What is a Stalemate in Chess?

You probably are wondering, “What is a stalemate in chess?” Most likely, you have seen it happen in a game, or maybe it has even happened to you. It looks like one player is about to win, and then suddenly, the game is over, and it’s a draw. So, what is a stalemate in chess?

Today, we will answer that question and show you how to get a stalemate in chess. Read on to learn more!

Chess pieces

The World of Chess Draws

Draws is ordinary in chess. Every player must understand how ties occur, from saving you from a lost position to securing first place in a tournament.

A draw in chess occurs when neither player wins or loses—the game ends in a tie. Either player may request a draw, and each player receives half a point if the game is tied.

Draws are more common among higher-rated players, but even if you’re still a beginner or intermediate player, you should be familiar with all the drawing rules so that no one surprises you.

What is a Stalemate in Chess?

In the game of chess, a stalemate is another type of draw. This means that if a game reaches a stalemate, neither side wins or loses; the game ends in a draw.

A stalemate is a type of draw in chess that occurs when the chess player who has to move is not in check but cannot make any legal moves to a safe square. A stalemate typically results in a draw—neither player can win the game

A stalemate can also occur in an endgame scenario when only a few pieces remain on the board. It can also happen during the middlegame when each player has to move their king to safety and develop most of their major pieces.

A stalemate does not benefit the winning team in a game, but it can be an important defensive measure for the losing team, as the game can end with a half-point to the stalemating player rather than zero points. 

However, it is a contentious decision: for some players, a stalemate cannot be a draw because it forces zugzwang, a situation in which all variations on a player’s next move result in the loss of a piece.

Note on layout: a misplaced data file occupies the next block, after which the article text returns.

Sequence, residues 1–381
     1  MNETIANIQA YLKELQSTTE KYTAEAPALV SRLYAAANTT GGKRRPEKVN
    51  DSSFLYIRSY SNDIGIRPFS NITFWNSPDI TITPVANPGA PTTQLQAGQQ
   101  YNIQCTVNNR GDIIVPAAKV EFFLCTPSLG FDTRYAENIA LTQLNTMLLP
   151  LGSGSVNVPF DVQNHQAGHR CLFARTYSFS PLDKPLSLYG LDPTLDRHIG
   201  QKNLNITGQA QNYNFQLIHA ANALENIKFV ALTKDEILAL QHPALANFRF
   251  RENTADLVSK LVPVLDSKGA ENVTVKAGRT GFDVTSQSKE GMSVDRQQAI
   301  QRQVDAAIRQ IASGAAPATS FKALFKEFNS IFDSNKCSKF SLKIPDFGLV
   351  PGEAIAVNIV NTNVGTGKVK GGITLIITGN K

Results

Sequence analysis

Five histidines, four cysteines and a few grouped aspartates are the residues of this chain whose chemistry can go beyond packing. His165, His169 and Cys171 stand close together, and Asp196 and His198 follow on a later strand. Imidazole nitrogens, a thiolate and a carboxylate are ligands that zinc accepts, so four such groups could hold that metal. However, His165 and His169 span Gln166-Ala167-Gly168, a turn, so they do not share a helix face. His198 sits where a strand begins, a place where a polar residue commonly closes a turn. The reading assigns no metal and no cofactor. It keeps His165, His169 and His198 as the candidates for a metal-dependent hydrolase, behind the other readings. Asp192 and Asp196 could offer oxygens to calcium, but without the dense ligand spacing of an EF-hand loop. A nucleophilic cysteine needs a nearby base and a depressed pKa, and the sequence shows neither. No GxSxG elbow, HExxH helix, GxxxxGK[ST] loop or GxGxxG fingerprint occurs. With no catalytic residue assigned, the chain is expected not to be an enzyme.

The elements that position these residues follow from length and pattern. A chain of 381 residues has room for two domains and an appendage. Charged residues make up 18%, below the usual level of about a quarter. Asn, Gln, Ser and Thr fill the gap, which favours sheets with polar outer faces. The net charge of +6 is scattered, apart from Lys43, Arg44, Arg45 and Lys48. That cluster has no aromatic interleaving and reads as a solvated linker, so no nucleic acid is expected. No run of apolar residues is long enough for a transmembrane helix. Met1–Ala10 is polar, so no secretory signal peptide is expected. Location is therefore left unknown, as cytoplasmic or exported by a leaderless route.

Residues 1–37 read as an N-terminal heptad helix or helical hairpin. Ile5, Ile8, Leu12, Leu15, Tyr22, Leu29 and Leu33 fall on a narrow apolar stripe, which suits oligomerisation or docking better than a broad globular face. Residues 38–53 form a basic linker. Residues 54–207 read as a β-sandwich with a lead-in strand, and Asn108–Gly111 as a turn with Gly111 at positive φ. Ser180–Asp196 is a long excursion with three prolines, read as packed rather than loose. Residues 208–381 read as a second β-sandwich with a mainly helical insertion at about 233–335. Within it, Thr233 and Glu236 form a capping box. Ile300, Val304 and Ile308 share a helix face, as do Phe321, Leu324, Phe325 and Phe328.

Stalemate vs. Checkmate – The Difference

The main difference between stalemate and checkmate is that in a stalemate, the game ends in a draw, whereas, in a checkmate, the player who delivers the checkmate gets to win, and the opponent loses.

In other words, checkmate occurs when the king is under attack, and the player has no legal moves to save the king. As a result, the game is over, and the player who checkmates the opponent wins.

On the other hand, stalemate is a situation in which there is no attack on the king, but the player has no legal moves left to continue the game. As a result, the game ends in a tie. 

A stalemate is essentially a draw. In chess, whenever a draw occurs, the winning player receives half the points while the losing player receives none. It would help if you kept that in mind.

The Difference Between Stalemate and Checkmate

The player who delivers the checkmate wins, but the opponent loses.The game concludes with a draw.
One player must be in check.No player must be in check.
No more legal moves exist to save the king and continue the game.There are no legal moves left to play the game.
You get a whole point if you win and no points if you lose.You get a half-point.

How Many Moves Until Stalemate?

The most complicated way for a stalemate is when players execute the same moves too many times.

In chess, the specific amount of repetition required for a stalemate is threefold. This means the game is a stalemate if the board state repeats itself three times. To achieve the triple occurrence of all pieces’ positions, each player would have to move a piece back and forth two times.

The repetition of the board state does not have to happen in order. If players move pieces around, a game can end in a stalemate due to repetition after many more moves by each player than the minimum of four total moves.

The rule’s logic is that if the actual board state is achieved three times in a match, there isn’t enough progress for the match to continue, resulting in a draw.

Chess figures

Chess Stalemate Rules 

When the player has the turn to move but has no legal moves to make, and the king is not in check, the game ends in a draw; it is a stalemate.

The stalemate-producing move, however, must be a legal move that follows the rules of chess as specified by the FIDE laws of chess.

One crucial distinction is the difference between a stalemate and a draw. Remember that stalemate is only one of several ways for a game to end in a tie.

Several methods include

  • Drawing by agreement.
  • Drawing by insufficient mating material.
  • Drawing by the 50-move rule.
  • Drawing by threefold repetition.

Also, stalemate is not the same as checkmate.